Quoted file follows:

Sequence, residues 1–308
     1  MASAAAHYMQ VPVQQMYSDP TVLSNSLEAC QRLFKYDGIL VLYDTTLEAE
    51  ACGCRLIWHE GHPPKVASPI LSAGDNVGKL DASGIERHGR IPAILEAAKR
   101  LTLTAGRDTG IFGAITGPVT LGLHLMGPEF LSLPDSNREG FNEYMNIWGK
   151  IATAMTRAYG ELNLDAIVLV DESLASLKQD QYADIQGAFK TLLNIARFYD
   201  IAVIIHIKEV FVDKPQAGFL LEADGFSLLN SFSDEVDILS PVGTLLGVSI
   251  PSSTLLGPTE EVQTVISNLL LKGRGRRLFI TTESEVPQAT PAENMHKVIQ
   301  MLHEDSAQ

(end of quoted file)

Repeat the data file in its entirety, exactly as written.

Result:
Sequence, residues 1–308
     1  MASAAAHYMQ VPVQQMYSDP TVLSNSLEAC QRLFKYDGIL VLYDTTLEAE
    51  ACGCRLIWHE GHPPKVASPI LSAGDNVGKL DASGIERHGR IPAILEAAKR
   101  LTLTAGRDTG IFGAITGPVT LGLHLMGPEF LSLPDSNREG FNEYMNIWGK
   151  IATAMTRAYG ELNLDAIVLV DESLASLKQD QYADIQGAFK TLLNIARFYD
   201  IAVIIHIKEV FVDKPQAGFL LEADGFSLLN SFSDEVDILS PVGTLLGVSI
   251  PSSTLLGPTE EVQTVISNLL LKGRGRRLFI TTESEVPQAT PAENMHKVIQ
   301  MLHEDSAQ